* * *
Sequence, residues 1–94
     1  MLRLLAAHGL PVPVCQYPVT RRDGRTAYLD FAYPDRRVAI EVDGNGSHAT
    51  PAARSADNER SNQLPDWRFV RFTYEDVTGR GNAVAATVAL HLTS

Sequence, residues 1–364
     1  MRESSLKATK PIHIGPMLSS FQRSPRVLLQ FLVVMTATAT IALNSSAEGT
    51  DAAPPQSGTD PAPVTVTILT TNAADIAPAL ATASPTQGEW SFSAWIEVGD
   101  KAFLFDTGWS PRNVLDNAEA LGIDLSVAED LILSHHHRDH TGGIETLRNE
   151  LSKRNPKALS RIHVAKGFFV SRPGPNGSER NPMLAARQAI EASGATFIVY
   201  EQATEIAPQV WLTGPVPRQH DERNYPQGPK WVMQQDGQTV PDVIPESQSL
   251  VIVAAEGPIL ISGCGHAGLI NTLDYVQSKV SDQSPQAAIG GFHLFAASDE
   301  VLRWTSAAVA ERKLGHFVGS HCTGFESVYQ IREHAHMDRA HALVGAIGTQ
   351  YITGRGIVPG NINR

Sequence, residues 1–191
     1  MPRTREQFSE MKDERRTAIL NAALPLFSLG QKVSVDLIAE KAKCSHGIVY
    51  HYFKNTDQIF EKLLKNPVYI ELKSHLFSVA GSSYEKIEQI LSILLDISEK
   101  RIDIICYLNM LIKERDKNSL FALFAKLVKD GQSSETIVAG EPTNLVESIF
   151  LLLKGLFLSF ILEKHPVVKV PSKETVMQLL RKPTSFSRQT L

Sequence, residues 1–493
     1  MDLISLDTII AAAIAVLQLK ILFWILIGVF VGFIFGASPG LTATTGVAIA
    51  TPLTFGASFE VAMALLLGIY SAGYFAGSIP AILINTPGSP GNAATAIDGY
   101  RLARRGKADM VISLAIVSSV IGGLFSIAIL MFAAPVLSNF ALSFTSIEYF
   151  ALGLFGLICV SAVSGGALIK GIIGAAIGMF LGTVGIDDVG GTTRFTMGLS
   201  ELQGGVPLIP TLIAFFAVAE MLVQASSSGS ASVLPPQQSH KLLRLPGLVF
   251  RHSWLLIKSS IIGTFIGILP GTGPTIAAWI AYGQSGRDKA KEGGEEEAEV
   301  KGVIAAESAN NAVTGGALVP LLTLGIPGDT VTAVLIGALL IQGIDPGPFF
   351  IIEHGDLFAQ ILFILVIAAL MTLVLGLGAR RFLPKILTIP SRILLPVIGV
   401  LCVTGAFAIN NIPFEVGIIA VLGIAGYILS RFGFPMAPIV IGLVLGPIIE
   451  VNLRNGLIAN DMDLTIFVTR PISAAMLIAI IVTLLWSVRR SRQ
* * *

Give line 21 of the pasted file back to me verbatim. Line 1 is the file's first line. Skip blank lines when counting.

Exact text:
   101  RLARRGKADM VISLAIVSSV IGGLFSIAIL MFAAPVLSNF ALSFTSIEYF